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be considered as one body. If I mistake not, when the Apostle fays, the promises were made to Abraham and to his feed, he points to the formula of the covenant, which we have Gen. 17. 7, I will be a God unto tbee and to thy feed ofier thee, On this occasion the Apostle declares, that seeing all the families of the earth were, in their proper time, to become partakers of this blffing, it was necessary, they should be accounted to the seed of Abraham, and united to him in one body, and, as he speaks Eph: 1. 10, gathered together in one in Chrift. But this is not done by circumcision, or the other jewish ceremonies. For besides that the promise was made to Abrabam, while he was yet uncircumcised, and 430 years before the giving of the law; these ceremonies are the middle wall of partition, which separate the Israelites from the Gentiles, and therefore cannot be the band of union. But this incorporation or coalition is effected by the spirit of faith, which indissolubly unites believers to Christ the head, who is the principal feed, and with one another mutually: and thus they all form together one spiritual feed of Abraham, a whole Christ, with his myftical body. For, here we take the word CHRIST in the same sense, as i Cor. 12. 12. Seeing therefore, as is evident, the promises were made to the fpiritual seed of Abraham alone, exclufive of all others; but that spiritual seed ought to have also the same spiritual stock and origin; it must needs form one mystical body, whose head undoubtedly is Christ, from whom allthe other members have the honour to be called. Well therefore did the Apostle urge, that by the appellation feed, an union was intended, not precisely of perfon, but of fome mystical body, united by faith under the head Christ. See on this place Drusius, Cameron. Gomarus, Diodati and others, who explain it of Christ and his myftical body:

XIX. But we are not to overlook a notable diver. The blere sity of expression, that occurs here. God several sing in

times

Abraham tires repeats to Abraham, in thee 10771 fall be blefed
and Christ
in differ.

all families of the earth, Gen. 12. 3 and Gen. 18. 18. ent rer. But of the feed of Abraham it is said, and in him fball pects. all nations of the earth ignanm blefs themselves, Gen.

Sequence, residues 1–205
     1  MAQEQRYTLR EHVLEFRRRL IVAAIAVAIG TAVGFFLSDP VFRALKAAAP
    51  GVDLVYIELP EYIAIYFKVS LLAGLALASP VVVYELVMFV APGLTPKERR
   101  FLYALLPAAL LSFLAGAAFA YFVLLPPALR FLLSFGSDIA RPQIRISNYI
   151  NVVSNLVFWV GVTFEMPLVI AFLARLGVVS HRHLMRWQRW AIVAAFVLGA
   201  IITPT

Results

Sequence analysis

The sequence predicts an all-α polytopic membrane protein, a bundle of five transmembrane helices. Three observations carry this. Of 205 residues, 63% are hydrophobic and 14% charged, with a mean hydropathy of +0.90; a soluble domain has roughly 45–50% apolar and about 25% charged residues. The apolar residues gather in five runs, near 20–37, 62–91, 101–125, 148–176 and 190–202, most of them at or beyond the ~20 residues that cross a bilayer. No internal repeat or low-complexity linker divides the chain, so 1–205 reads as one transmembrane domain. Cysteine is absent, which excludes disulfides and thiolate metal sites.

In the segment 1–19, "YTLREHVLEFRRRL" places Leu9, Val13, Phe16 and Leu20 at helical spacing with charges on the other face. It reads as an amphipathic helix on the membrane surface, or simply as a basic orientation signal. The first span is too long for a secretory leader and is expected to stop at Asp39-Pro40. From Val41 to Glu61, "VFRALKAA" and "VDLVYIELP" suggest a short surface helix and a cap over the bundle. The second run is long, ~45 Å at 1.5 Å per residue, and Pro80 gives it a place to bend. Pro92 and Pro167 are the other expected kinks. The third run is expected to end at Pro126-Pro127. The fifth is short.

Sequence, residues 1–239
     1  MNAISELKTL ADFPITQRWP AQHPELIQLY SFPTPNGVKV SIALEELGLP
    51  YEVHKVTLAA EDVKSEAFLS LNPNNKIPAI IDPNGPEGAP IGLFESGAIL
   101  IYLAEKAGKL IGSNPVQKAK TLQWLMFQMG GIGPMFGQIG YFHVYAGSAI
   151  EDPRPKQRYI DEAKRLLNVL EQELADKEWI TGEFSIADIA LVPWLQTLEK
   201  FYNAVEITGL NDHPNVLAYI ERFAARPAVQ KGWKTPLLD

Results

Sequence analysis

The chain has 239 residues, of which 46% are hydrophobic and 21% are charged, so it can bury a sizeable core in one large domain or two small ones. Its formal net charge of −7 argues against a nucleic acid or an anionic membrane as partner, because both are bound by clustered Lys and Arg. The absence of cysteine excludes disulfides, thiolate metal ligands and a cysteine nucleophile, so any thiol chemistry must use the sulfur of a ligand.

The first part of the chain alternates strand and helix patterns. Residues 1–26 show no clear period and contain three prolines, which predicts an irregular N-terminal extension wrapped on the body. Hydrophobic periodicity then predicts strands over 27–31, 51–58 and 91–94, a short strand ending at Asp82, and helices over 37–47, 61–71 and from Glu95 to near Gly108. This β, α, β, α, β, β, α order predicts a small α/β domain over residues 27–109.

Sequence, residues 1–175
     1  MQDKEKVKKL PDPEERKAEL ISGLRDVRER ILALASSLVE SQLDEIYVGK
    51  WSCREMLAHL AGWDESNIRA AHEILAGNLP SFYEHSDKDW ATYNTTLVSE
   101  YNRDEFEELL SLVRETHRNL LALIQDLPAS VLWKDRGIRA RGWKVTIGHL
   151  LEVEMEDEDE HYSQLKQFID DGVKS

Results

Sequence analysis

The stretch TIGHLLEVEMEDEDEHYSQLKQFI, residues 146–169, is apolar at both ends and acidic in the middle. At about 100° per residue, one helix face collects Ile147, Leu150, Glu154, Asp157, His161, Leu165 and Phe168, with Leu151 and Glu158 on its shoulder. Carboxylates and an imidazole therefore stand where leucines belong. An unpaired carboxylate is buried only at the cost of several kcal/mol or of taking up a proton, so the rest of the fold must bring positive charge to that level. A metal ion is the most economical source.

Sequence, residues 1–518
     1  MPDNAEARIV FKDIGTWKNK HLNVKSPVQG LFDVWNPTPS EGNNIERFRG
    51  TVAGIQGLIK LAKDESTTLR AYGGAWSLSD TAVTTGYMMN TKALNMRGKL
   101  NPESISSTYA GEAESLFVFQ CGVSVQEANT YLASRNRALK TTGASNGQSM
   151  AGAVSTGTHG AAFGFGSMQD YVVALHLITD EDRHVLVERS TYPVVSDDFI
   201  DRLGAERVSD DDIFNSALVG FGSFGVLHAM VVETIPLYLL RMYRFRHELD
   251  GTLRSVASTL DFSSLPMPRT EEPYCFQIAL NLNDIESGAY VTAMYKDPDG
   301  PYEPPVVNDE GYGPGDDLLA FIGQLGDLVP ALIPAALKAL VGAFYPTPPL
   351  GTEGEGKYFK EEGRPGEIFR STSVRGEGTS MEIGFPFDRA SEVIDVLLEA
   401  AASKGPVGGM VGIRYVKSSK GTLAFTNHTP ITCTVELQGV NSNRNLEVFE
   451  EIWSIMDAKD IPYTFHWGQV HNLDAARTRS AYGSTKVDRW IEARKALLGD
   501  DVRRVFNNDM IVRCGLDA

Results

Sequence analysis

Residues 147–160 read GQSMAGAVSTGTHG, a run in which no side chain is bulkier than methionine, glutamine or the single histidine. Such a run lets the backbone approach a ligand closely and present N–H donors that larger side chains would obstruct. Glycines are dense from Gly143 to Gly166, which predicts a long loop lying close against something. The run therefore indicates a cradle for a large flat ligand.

22. 78, which is repeated, Gen. 26. 4g of the feed of
Yaac. But surely, we are one way bleffed in Abra-
bam, and another in his feed, Chrift. In Abraham
as the type and exemplar; in Christ, as the merien
orious caule and real bellower of the blefling, Epb.
1. 3. We are not only blessed, but alfo blefs our felves.
in Christ, acknowledging and prailing him, as the
fountain and source of the blefling, flowing down to

: , , that wko
bleffetb bimself in the earth, foall bless himself in the

God of truth, Ifa. 65. 16. Mests gá los istort External

XX. The corporal or external prodhifes made toi promiles. Abraham are chiefly three. (1). The Imultiplication of

bis seed by Isaacs' Gen.'Iza 116, and Gena 5. 15, and
Gen. 17. 2. and Gen. 22. 16. (2). The inberitance of
the land of Canaan, Gen. 121. 17, Gens 13.:15, Gen.
15. 17, and Gen. 17. 7) which was fulfilled in the
12 tribes of Israel, especially under: David and
Solomon; and afterwards, during the fecond temple,
when all Palestine and Jdumea were conquered and
subdued by the Jews. (3). The deliverances from the
Egyptian bondage, Gena 15. 13. 146. But- we are co?
observe, that these external promifes were types of
fpiritual and heavenly things. For, the multiplication
of the carnal seed denoted the great number of spirit
ual children, both from among the Jews and thew
Gentiles, that was to be brought to the faith, Reval
7. 9. And Canaan was a pledge of heaven; and the
deliverance from Egypt, dignified the deliverance of

1:34

ve zaw fundoida + Or in the God Amen; fo that our author with great pros priety, quotes this pairage, as it is very evident that, the blefled: feed is called amen, even the AMEN, the true and faithful witness.

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Rev. 3. 14.

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faith.

the church from sin, from the world, the devil and
Babylon.

XXI. But we ought not to omit the fundamental Abraham doctrine of justification by faith alone, which, at that justified by

faith. time, was very much illustrated by the example of Abrabam, and the divine declaration concerning him. For, thus it is said, Abraham believed in Jehovah, and be counted it to bin for righteousness, Gen. 15.6. This testimony is the more to be observed, because the Apostle frequently uses it, in order to affert the righteousness of faich, Rom. 4. 3. Gal. 3.6.1.4.1)